It Doesn’t Add Up

Parables of Jesus for the Modern Pilgrim

Parables of the Lost Sheep and Coin

Luke 15:4-10

Let’s step into the scene: Jesus is talking among his friends –  the tax collectors and sinners. Pharisees and teachers of the law are there as well. You can imagine the tension. Those two groups don’t usually mix.

The Pharisees begin to criticize Jesus. To eat with a sinner was against the Old Covenant law of Moses. Instead of defending Himself and starting an argument, Jesus tells a couple of parables.

The Parable of the Lost Sheep

Jesus begins this story by making it personal…

“Suppose one of you had 100 sheep and lost one of them.” He wants them to think about what they would do in this situation. Some might say, “No problem. I have 99 sheep. One lost sheep won’t make a difference.”

But Jesus is pointing out the difference between the way He sees the lost compared to the Pharisees. In His story, the owner leaves the 99 and goes after the one – he searches until he finds it. When he finds it, he carefully puts it on his shoulders and carries it home. But he doesn’t stop there. He calls everyone together to celebrate!

Jesus then tells another parable with the same truth.

The Parable of the Lost Coin

Perhaps he knew the greed of the Pharisees and wanted to connect. But it seems that Jesus can’t resist using the lowly of their culture to make a point on righteous living. First, it was the outcast shepherd; now it is a woman who is the hero in this story. She loses one out of ten coins. You better believe she turns the house upside down to find it. Jesus says she “searches carefully.” That is Jesus’ heart for the lost. Like the shepherd, she throws a party to celebrate when she finds what was lost.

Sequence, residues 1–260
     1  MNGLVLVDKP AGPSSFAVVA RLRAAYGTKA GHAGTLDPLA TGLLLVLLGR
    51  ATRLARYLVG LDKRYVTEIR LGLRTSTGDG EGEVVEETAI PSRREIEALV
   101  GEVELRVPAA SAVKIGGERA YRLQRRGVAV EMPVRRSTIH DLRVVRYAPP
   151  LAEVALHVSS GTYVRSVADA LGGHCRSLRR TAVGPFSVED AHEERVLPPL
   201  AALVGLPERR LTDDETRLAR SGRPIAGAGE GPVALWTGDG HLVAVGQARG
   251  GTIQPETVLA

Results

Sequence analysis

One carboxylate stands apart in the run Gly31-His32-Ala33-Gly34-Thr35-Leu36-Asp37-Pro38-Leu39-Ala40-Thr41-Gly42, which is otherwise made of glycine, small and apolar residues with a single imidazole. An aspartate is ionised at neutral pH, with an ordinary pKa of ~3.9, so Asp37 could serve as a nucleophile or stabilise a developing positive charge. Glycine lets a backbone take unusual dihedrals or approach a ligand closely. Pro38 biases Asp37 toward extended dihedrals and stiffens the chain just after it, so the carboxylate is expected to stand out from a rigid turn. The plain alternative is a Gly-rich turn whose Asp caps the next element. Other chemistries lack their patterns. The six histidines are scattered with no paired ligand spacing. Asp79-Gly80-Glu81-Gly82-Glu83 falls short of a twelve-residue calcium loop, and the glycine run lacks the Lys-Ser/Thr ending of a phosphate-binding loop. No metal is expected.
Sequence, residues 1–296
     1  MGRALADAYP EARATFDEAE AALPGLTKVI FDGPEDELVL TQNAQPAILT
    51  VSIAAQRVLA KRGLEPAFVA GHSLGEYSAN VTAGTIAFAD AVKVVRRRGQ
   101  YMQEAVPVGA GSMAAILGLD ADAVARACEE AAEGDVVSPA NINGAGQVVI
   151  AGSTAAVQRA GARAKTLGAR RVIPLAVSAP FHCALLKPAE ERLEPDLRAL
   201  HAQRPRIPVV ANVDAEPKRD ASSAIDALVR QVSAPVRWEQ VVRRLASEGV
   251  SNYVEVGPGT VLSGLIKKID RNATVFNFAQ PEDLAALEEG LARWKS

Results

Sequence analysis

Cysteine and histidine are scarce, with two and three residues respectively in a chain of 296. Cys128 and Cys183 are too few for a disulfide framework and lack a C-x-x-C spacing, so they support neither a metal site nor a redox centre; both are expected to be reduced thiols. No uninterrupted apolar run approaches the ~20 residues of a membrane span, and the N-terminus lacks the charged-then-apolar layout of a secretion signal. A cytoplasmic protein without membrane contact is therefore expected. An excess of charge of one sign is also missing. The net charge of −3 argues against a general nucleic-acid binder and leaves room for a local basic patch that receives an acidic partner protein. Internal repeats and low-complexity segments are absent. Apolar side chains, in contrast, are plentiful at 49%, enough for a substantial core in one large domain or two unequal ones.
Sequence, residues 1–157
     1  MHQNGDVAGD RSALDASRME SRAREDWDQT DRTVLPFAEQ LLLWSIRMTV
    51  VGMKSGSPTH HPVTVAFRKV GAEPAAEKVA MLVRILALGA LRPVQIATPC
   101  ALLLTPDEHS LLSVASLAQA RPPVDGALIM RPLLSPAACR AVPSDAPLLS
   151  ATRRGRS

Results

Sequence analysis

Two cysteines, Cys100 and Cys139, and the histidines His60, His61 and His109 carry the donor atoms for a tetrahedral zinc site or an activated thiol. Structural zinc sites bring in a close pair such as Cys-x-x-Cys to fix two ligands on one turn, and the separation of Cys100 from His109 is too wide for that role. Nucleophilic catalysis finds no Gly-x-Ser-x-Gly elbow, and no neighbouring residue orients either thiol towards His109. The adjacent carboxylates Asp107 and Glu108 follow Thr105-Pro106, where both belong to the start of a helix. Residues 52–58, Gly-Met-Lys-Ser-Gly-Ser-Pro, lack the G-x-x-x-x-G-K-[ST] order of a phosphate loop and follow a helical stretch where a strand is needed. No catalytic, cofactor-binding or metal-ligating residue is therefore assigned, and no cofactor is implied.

Lessons for the Modern Pilgrim

  • Jesus is telling the religious leadership that they are responsible for all of the people, not just the “righteous.” All the sheep and all the coins belonged to the owner. The Pharisees did not see the lost as their responsibility.

The time for God’s people to be separate was over. Jesus was bringing in the new Kingdom – one that was entirely inclusive. Everyone could belong. That was a massive shift for the religious leaders.

Do we do that today? Do we look at those in our community who are perhaps homeless or in prison or just plain lost as our responsibility? I believe Jesus is telling us we should.

  • The 99 sheep and the nine coins were not the focus of the owner. They were fine. They could wait. There is urgency in the search. It was the one that was lost that became the most important. Finding it was priority #1. The shepherd joyfully places the sheep on his shoulders to carry it home. Compassion. Can we carry the lost home with joy?

It is so easy to become focused on our ministry and who we have inside the church. Yes, that is important. But we can’t become so inward focused that we forget the mission Jesus gave us… Go out! Search carefully for the lost!

The religious leaders of Jesus’ day were comfortable with things the way they were. They believed that the sinners had to repent on their own to be allowed into God’s family. Jesus knew that wasn’t going to happen. Someone had to search and find them.

Are we waiting for the lost to walk through the church doors? How’s that working for you? Leave the found to find the lost.

  • Celebrate the lost being found. The shepherd didn’t scold the sheep for wandering off. There was no judgment for the coin that was lost. Regardless of the reason, we must celebrate the finding. That is what the Kingdom of Heaven values above all things!

There is more rejoicing over the one than the 99. I think we forget that. The reality of our day is that our fellowships grow one person at a time. It’s not that we don’t love and appreciate and care for our flock. But everytime someone finds salvation or returns to Jesus, we must make that the highest value we celebrate. Heaven loves a good party!

Artists have used the parable of the sheep to depict Jesus, lovingly carrying the lost sheep home. Spiritually, that is what’s happening. But we are the hands and feet of Jesus. Guided by the Holy Spirit, we are the ones who search and we are the ones who carry them home.

Jesus had more to say about this in the next parable. We’ll tackle the Parable of the Lost Son next.